Genetic Tests for Birth Defects
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Genetic tests for birth defects?
If your doctor has recommended a Genetic test for birth defects for you or your child to diagnose any birth defects, there are various tests available to go for. Mostly all the birth defects are related to chromosomes which are due to structural or numerical changes, but there other tests which can help in further diagnosis. Here are some of the genetic tests which can help you and your physician pinpoint the exact diagnosis of what kind of birth defects.
- Karyotyping is a genetic test used to study an individual’s chromosomes for any structural or numerical abnormalities. The chromosomes stained and viewed under a special microscope to detect any abnormalities, this process is called "karyotype". A normal female karyotype is written 46, XX, and a normal male karyotype is written 46, XY. The standard analysis of the chromosomal material evaluates both the number and structure of the chromosomes, with very high accuracy. Chromosome analyses are usually done from a blood sample (white blood cells), prenatal specimen, skin biopsy, or other tissue samples. In a karyotype, the chromosomes can look bent or twisted. This is normal and is a result of how they were sitting on the slide when the photograph was taken. Chromosomes are flexible structures that condense and elongate during different stages of cell division. If you unravelled all of the DNA that makes up the 46 chromosomes, you would find over 7 feet of DNA from one single cell.
Fluorescence in situ hybridization (FISH)
- FISH is a laboratory technique used to determine how many copies of a specific segment of DNA are present in a cell. It is also used to identify structural abnormalities of chromosomes. In the lab, a segment of DNA is chemically modified and labelled so that it will look fluorescent (very brightly coloured) under a special microscope. This DNA is called a "probe." The Probes then bind with a specific location in chromosomes and produces bright colour to identify the defects. Probes can find matching segments of DNA when added to cells under certain conditions. For example, if a baby is suspected of having Down syndrome and amniocentesis is done on the pregnancy, a FISH study can be performed on the cells found in the amniotic fluid. A probe made for chromosome 21 can determine how many copies of chromosome 21 the baby has. Under a special microscope, the cells from a baby with trisomy 21 or Down syndrome would contain three "signals" or three brightly coloured areas, where the probe matched up with the three #21 chromosomes. A FISH study does not replace a chromosome study but is done in addition to a standard chromosome study, depending on the birth defect in question.FISH can be used to detect structural chromosome abnormalities (such as submicroscopic deletions) that are beyond the resolution of normal chromosomal studies.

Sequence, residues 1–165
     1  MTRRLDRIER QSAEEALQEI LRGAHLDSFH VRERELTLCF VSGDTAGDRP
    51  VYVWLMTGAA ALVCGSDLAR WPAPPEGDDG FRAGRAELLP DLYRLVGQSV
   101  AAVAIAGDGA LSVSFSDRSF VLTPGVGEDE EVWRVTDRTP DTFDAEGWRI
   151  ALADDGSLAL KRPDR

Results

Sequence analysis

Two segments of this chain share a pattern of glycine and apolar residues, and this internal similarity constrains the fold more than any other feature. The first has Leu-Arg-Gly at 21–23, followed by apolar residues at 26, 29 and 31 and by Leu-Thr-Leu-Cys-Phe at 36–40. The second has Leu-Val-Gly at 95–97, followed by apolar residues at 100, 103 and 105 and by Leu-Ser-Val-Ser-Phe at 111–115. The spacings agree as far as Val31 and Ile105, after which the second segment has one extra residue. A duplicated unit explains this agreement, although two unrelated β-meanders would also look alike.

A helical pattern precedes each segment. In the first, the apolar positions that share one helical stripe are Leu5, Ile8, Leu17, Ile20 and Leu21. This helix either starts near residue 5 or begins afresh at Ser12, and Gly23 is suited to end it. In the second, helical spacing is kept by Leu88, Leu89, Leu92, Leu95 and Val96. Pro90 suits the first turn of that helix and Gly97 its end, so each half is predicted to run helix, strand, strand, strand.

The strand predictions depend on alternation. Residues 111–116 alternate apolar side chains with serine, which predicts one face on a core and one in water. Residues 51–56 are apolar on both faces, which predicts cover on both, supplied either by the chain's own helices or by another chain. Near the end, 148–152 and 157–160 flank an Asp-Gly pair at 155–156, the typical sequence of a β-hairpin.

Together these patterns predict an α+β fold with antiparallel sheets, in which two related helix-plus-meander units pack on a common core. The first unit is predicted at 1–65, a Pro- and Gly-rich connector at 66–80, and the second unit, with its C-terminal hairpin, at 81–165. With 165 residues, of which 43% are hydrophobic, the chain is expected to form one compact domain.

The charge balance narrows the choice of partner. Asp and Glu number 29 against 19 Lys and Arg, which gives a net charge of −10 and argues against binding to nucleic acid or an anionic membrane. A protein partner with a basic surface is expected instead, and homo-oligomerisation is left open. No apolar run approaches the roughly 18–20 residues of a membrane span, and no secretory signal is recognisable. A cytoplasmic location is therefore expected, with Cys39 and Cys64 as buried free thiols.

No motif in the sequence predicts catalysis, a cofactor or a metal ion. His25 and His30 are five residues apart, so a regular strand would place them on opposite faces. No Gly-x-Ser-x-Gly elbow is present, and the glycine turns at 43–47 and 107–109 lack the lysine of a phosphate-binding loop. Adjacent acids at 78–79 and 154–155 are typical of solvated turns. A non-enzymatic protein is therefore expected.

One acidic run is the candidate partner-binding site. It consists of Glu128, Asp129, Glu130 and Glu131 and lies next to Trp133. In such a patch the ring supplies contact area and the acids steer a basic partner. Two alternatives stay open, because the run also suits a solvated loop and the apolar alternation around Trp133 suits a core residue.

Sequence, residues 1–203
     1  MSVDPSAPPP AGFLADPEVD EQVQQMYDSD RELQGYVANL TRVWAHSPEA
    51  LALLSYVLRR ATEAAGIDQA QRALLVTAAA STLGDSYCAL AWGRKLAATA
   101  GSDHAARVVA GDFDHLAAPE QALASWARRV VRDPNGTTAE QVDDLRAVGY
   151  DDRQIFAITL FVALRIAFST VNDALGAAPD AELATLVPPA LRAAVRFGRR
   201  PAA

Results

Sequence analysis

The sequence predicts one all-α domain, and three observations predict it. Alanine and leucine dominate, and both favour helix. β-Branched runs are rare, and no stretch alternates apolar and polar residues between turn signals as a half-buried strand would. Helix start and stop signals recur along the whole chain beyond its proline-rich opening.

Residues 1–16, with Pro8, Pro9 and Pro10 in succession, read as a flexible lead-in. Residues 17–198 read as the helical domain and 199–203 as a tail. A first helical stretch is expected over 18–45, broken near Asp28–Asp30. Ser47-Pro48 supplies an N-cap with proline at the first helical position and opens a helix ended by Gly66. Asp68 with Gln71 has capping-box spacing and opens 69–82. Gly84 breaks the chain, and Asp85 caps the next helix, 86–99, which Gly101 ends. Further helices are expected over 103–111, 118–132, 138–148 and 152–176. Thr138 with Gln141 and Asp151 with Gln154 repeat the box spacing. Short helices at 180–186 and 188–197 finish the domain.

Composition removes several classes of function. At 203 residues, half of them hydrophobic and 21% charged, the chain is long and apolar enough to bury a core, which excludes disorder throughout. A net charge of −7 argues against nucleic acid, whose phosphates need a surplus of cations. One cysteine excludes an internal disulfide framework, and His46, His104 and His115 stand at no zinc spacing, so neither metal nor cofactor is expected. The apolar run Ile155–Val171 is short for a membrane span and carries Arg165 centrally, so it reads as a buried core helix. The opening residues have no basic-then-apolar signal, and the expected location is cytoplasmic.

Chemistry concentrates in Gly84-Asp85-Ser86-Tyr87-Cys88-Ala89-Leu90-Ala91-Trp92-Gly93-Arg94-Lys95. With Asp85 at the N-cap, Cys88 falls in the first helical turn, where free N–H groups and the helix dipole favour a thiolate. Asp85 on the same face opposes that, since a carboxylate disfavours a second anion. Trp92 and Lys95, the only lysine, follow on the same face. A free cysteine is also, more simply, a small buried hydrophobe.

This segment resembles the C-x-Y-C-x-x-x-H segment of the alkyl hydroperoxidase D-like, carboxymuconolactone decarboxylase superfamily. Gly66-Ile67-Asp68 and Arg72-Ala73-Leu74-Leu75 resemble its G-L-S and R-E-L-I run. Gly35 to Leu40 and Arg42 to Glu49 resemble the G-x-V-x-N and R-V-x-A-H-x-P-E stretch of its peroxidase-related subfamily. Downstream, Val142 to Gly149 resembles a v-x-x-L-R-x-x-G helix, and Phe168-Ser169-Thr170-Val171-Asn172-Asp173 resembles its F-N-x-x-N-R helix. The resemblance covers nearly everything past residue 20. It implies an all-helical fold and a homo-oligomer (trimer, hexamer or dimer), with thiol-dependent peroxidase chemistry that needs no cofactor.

Chromosomal microarray analysis (CMA)
- CMA is a new laboratory test used to detect chromosomal imbalance at a higher resolution than current standard chromosome or FISH techniques. A sample of DNA from the individual to be tested are arranged in a particular order (array) on a glass slide. Fluorescent dyes are attached to the DNA samples, these fluorescent DNA then bind with sample chromosomes. These slides are then placed in a special scanner that measures the brightness of each fluorescent area. This process looks for the identification of a change in DNA copy number. The changes in copy number may indicate a chromosomal abnormality, such as a chromosomal imbalance, loss, or gain. Types of chromosomal abnormalities may include small chromosomal rearrangements, small duplication of chromosomal material (trisomy), or small deletion of chromosomal material (monosomy).*Note: Trisomy: - where 3 duplicate chromosomes are present, Monosomy:- where only one chromosome is present instead of 2 duplicate chromosomes.